From a growing reliance on nearshoring to obtaining more materials from suppliers that are located within the States, retailers have an all of the above mentality to overcoming all the supply chain issues that are kneecapping their operations. But import activity continues apace, and recently hit a record high as managers race to get ahead of seemingly unending inflation.
In March, the most recent month in which data is available, the nation’s major shipping ports received approximately 2.34 million twenty-foot equivalent unit (TEU) containers, according to a newly released Global Port Tracker report from Hackett Associates and the National Retail Federation. That sets an all-time record in the number of import arrivals, topping the 2.33 million mark set 10 months earlier. It was also a substantial uptick on a month-over-month and year-over-year basis, up nearly 11% and 3.2%, respectively.
Jonathan Gold, vice president of supply chain and customs policy for the NRF, said consumer buying activity is the root cause of the growth in imports, but inflation seems to be having an influence as well.
“Retailers are importing record amounts of merchandise to meet consumer demand, but they also have an incentive to stock up before inflation can drive costs higher, Gold explained. “Whether it’s freight costs or the wholesale cost of merchandise, money retailers save is money that can be used to hold down prices for their customers during a time of inflation.”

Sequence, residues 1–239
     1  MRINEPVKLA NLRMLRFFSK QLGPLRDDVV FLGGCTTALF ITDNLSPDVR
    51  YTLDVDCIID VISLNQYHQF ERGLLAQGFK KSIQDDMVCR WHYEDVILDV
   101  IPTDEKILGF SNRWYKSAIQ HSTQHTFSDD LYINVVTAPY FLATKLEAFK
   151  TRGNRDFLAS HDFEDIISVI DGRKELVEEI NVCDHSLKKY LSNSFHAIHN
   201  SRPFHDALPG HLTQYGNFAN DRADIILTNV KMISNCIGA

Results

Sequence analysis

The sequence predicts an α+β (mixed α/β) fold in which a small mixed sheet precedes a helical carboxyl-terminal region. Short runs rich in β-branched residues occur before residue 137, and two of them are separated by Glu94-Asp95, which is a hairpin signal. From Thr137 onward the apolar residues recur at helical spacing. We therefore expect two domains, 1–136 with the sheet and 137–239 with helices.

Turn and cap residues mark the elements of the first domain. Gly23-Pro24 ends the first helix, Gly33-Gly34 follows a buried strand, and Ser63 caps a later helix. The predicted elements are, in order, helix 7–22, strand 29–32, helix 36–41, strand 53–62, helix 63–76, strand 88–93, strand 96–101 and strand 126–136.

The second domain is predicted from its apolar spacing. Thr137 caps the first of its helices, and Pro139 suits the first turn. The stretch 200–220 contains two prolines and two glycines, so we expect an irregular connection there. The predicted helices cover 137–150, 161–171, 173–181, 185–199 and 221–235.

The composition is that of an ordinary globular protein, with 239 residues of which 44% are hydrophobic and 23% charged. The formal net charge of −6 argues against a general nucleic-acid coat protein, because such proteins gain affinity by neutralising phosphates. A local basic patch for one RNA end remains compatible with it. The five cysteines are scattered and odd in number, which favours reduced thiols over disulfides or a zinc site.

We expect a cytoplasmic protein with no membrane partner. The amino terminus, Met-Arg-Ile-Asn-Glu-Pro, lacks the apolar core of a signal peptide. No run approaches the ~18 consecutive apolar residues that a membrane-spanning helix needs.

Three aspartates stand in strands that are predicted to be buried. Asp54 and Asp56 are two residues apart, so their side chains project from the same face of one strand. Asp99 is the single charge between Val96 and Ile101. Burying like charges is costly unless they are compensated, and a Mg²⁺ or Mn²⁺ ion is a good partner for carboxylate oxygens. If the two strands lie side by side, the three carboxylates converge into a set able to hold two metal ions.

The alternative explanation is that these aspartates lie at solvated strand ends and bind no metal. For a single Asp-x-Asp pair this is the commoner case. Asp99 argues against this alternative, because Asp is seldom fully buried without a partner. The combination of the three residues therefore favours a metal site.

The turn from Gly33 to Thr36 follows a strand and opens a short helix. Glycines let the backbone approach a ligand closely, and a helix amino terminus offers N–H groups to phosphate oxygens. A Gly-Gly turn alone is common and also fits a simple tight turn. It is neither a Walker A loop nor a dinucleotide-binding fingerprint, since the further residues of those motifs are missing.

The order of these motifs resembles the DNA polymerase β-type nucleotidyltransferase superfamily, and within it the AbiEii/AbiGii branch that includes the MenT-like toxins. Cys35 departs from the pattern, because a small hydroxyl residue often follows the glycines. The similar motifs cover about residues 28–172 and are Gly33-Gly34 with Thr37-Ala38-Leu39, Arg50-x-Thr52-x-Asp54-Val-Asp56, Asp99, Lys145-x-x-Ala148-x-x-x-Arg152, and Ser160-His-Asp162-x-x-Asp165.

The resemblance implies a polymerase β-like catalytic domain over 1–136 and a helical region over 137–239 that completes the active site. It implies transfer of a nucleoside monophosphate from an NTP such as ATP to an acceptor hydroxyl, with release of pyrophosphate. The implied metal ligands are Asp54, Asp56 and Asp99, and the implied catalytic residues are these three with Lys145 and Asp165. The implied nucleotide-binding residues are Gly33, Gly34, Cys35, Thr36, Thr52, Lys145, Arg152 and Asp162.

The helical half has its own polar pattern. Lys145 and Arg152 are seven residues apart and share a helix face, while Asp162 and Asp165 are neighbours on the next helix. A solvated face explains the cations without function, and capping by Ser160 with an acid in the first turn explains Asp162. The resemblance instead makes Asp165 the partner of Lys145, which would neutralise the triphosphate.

While supply chain disruptions continues to frustrate consumers and business owners, inflation has summarily replaced it as their biggest economic pain point. Indeed, as a recent poll by Gallup of everyday Americans found, 17% point to the high cost of living as the nation’s single biggest problem, up from 10% who said as much in February. Small-business owners share that belief, with 32% of respondents citing inflation as the country’s biggest challenge in a National Federation of Independent Business survey.
NRF says it’s time to tame tariffs
The Federal Reserve has raised key interest rates in an attempt to get a handle on inflation by cooling demand. But this can take some time to bear fruit. A quicker remedy, according to the NRF, is by rolling back tariffs. Gold noted that despite what tariff supporters may claim, countries don’t pay for tariffs — meaning those doing the importing — consumers and business owners do. Citing a report from Moody’s, Gold also said that since tariffs were imposed in 2018 major trading partners like China have wound up paying only 7.6% of tariffs. Americans have wound up paying for the remaining 93%.
Since neither inflation nor tariffs are expected to abate any time soon, import volume at the nation’s shipping ports is poised to remain robust. In June, for example, an additional 2.29 million TEUs are anticipated, which would be an increase of 6.6% from 12 month earlier, according to the Global Port Tracker report. The ensuing months for imports are also likely to outpace their monthly counterparts from 2021, rising 5.3% in July, nearly 1% in August and 0.3% in September.